Burial and Cremation Laws in New Jersey

by ECL Writer

In the heart of America’s East Coast lies New Jersey, a state steeped in rich history and cultural diversity. Amidst its bustling cities and serene landscapes, the solemn matter of burial and cremation laws stands as a testament to the intricate balance between tradition and regulation.

In this article, we delve into the labyrinth of statutes and regulations governing burial and cremation practices in the Garden State. From the quiet suburbs to the urban sprawl, New Jersey’s laws shape the final journey of its departed residents, touching upon religious customs, environmental concerns, and legal frameworks.

Exploring the intersection of religious beliefs and state mandates, we navigate through the complexities of honouring diverse faiths while adhering to legal requirements. Whether it’s the Jewish tradition of swift burial or the Hindu practice of cremation, New Jersey’s laws aim to accommodate the diverse needs of its populace while maintaining the integrity of the funeral process.

Furthermore, we uncover the environmental considerations driving legislative decisions, from green burials to eco-friendly cremation methods. As society’s consciousness shifts towards sustainability, New Jersey’s lawmakers strive to strike a balance between honouring the departed and preserving the planet.

Join eastcoastlaws.com on a journey through the labyrinth of burial and cremation laws in New Jersey, where tradition meets regulation in the final farewell to loved ones.

Does New Jersey allow home burials?

In New Jersey, home burials are not permitted, and individuals cannot be buried on their private property. Burials are only allowed on land designated for cemetery purposes. To utilize private property for burial, one must seek approval from the New Jersey Cemetery Board by applying for a Certificate of Authority to operate as a “cemetery company.”

This process ensures adherence to regulations and standards set forth by the state to maintain the dignity and legality of burial practices. While the desire for a personal resting place on private property may be understandable, New Jersey’s regulations prioritize proper oversight and respect for the deceased. Thus, individuals must follow the prescribed procedures to establish burial grounds outside of traditional cemeteries.

How do I get a death certificate in New Jersey?

Filing the death certificate in New Jersey involves two key steps: the completion of the medical portion by the deceased person’s physician, registered nurse, or medical examiner within 24 hours of death pronouncement, and the submission of burial particulars by the funeral director to the local registrar through the state’s electronic death registration system.

For those needing copies of a death certificate, it’s advisable to request them at the time of death from the entity handling the filing, such as the funeral home. Executors of the estate should aim for at least 10 certified copies to fulfil various administrative needs.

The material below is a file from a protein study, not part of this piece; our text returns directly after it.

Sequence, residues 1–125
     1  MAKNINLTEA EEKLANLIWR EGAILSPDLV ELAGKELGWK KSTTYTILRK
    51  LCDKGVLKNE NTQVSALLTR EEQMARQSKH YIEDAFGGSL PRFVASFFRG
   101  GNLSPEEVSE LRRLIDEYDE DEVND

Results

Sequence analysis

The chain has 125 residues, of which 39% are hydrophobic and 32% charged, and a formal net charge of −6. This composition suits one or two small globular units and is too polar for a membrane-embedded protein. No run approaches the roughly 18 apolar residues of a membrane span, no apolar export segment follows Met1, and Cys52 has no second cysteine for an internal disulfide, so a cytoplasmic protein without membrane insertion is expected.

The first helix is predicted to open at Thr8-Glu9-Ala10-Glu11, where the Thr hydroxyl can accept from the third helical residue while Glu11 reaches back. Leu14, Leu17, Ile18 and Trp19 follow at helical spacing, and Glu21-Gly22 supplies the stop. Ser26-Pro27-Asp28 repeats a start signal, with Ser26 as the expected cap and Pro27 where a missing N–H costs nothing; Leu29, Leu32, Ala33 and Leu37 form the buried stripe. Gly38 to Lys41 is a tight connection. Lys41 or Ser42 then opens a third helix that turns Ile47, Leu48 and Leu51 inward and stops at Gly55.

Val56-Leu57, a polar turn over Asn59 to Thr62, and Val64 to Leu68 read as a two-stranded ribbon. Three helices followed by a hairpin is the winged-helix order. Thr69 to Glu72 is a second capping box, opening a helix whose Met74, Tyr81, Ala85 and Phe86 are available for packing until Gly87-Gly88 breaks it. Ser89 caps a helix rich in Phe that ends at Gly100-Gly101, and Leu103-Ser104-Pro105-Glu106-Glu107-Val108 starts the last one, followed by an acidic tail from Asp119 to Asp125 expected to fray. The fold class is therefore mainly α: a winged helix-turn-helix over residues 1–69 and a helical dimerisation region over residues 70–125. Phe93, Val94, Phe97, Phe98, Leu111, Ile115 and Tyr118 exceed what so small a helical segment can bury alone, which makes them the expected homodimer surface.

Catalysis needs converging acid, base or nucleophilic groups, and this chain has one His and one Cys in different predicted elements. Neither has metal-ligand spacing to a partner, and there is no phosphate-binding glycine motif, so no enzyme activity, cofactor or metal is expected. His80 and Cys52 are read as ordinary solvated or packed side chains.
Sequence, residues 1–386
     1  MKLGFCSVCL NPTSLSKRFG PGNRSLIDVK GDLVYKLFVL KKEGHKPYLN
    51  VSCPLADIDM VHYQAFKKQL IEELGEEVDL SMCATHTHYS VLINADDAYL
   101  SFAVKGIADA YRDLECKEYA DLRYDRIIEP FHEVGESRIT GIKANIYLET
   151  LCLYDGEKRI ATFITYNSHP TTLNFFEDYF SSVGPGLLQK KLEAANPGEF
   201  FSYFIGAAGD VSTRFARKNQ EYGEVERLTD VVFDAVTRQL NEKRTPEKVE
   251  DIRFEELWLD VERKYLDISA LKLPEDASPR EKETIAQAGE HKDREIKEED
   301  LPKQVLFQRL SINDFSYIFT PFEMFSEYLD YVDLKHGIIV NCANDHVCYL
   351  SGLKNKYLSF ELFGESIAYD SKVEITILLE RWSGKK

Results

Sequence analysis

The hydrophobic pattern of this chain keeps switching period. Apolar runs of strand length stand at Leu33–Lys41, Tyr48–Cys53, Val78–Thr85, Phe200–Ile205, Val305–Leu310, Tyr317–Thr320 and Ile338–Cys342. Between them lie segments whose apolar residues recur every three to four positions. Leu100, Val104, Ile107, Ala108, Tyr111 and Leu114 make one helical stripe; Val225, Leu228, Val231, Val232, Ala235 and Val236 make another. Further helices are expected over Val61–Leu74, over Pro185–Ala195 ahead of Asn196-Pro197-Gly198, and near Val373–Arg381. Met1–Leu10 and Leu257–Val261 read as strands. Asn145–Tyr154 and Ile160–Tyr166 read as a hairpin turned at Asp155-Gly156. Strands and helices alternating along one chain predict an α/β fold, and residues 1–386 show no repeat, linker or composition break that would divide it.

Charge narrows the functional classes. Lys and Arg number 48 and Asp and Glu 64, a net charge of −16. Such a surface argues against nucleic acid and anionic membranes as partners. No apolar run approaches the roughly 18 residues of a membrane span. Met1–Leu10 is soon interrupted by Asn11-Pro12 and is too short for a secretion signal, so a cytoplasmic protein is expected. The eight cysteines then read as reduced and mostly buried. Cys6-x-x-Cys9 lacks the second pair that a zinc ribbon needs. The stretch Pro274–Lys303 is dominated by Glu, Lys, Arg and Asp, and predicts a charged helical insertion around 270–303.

Should additional copies be required later, individuals can access the New Jersey Department of Health’s website to order them through various methods: online, in person, by phone, or via a mail-in order form.

When ordering certified copies, valid identification, such as a government-issued photo ID, is necessary. The initial certified copy costs $25, with subsequent copies ordered simultaneously priced at $2 each. Additional fees may apply for online or rush orders.

Who can order a death certificate?

In New Jersey, certified copies of a death certificate are restricted to specific individuals or agencies outlined by the state’s regulations. According to the New Jersey Department of Health’s Proof of Relationship and N.J. Admin. Code § 8:2A-2.1, certified copies may only be issued to:

  • The deceased person’s parent.
  • The deceased person’s legal guardian or legal representative.
  • The deceased person’s spouse or domestic partner.
  • The deceased person’s adult child, grandchild, or sibling.
  • A state or federal agency for official purposes.
  • A person or agency with a court order.

It’s important to adhere to these guidelines to ensure proper authorization and compliance with New Jersey state law when requesting certified copies of death certificates.

Is embalming required?

Blood is removed from the corpse during the embalming process and replaced with fluids that slow down the body’s breakdown. Even though it is still frequently done, embalming is rarely required because refrigeration does the same thing.

under New Jersey, embalming is only necessary under specific situations. A body must be either embalmed or refrigerated—note that you have an option—if it won’t be buried or cremated within 48 hours. N.J. Administrative Code Section 8:9-1.1 If a body is going to be transported by a common carrier (train or aeroplane), it needs to be embalmed and sealed in a leak-proof coffin if it won’t arrive at its destination in a day. N.J. Administrative Code Section 8:9-1.7

Is a casket necessary for burial or cremation?

The single biggest expense after a death is frequently a casket. A coffin typically costs more than $2,000, and for more ornate designs and pricey materials, the cost might reach $10,000 or $20,000. Some people might rather not have a casket at all, for whatever reason, including expense.